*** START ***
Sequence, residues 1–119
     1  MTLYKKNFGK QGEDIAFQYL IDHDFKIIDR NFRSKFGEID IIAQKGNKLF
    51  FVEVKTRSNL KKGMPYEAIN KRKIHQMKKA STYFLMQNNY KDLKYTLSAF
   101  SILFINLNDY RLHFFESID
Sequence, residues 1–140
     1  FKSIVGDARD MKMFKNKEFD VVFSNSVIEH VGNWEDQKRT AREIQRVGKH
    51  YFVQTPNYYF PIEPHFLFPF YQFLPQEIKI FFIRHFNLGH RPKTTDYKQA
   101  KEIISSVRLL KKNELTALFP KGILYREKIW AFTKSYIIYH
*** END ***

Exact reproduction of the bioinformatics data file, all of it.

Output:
Sequence, residues 1–119
     1  MTLYKKNFGK QGEDIAFQYL IDHDFKIIDR NFRSKFGEID IIAQKGNKLF
    51  FVEVKTRSNL KKGMPYEAIN KRKIHQMKKA STYFLMQNNY KDLKYTLSAF
   101  SILFINLNDY RLHFFESID
Sequence, residues 1–140
     1  FKSIVGDARD MKMFKNKEFD VVFSNSVIEH VGNWEDQKRT AREIQRVGKH
    51  YFVQTPNYYF PIEPHFLFPF YQFLPQEIKI FFIRHFNLGH RPKTTDYKQA
   101  KEIISSVRLL KKNELTALFP KGILYREKIW AFTKSYIIYH